This is not because I grew up in a particularly violent place – not at all. I never felt safe on the streets because I was an object. An object about which or to which people could say or do more or less as they chose, and with impunity. I did not understand this at the time. Or if I understood it, it was normal. We objects, we just carried on, hundreds, thousands, tens of thousands, millions of us. We wore hotpants, thought we were liberated, worked in offices where single paragraph letters were dictated to us, as if we were the machines which would shortly be invented.
I was not a child in Victorian England (!) but I may as well have been. But hey that’s all history, now. We’ve moved on right?
I take my hat off to Keira Knightley. In a recent newspaper interview to promote her latest film Misbehaviour (2020 Dir. Philippa Lowthorpe) about the Women’s Liberation Movement and the 1970 Miss World contest. she said she was keen to work with more female directors. You go girl. But it may not be the path to awards heaven, however good you are.
In 2019 The Souvenir directed by Joanna Hogg starring Honor Swinton Byrne and Tom Burke. The film is a lavishly photographed, beautifully restrained, semi-auto-biographical story of a young film maker student and her relationship with an older, enigmatic man. It was completely ignored at the awards as were – from a directorial point of view – Greta Gerwig’s two films Ladybird (2017) and Little Women (2019) both starring the inimitable and profoundly talented Saoirse Ronan.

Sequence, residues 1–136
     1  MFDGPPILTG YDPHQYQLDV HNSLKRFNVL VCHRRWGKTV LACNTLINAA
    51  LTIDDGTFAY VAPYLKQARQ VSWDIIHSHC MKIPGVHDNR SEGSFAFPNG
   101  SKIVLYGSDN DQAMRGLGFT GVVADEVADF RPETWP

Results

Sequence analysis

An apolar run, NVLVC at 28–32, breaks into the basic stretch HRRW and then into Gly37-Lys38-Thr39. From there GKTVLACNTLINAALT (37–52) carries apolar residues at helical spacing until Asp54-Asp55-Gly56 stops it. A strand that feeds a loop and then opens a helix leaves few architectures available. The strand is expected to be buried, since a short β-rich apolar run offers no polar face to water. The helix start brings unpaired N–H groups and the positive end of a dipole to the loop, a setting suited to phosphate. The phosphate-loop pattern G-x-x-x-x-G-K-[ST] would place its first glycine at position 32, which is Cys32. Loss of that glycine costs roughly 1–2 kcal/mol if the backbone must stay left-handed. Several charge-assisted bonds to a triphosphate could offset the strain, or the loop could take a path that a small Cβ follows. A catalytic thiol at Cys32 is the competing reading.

This year’s celebratory awards went to a macho spin off from a 1950s comic book glorifcation of violence (in the place where I grew up and in the time I grew up, I never felt safe on the streets) and the ultra violent, gruesome and in my eyes completely pointless Parasite which raised the spectre of equality to the level of ‘everybody dies’. In that at least it was accurate.
“Patriarchy kills off women and stories to maintain its power.”
And our film industry celebrates that. One of the ways it does this is by either completely ignoring, or at least failing to promote, stories about women told through the eyes of women.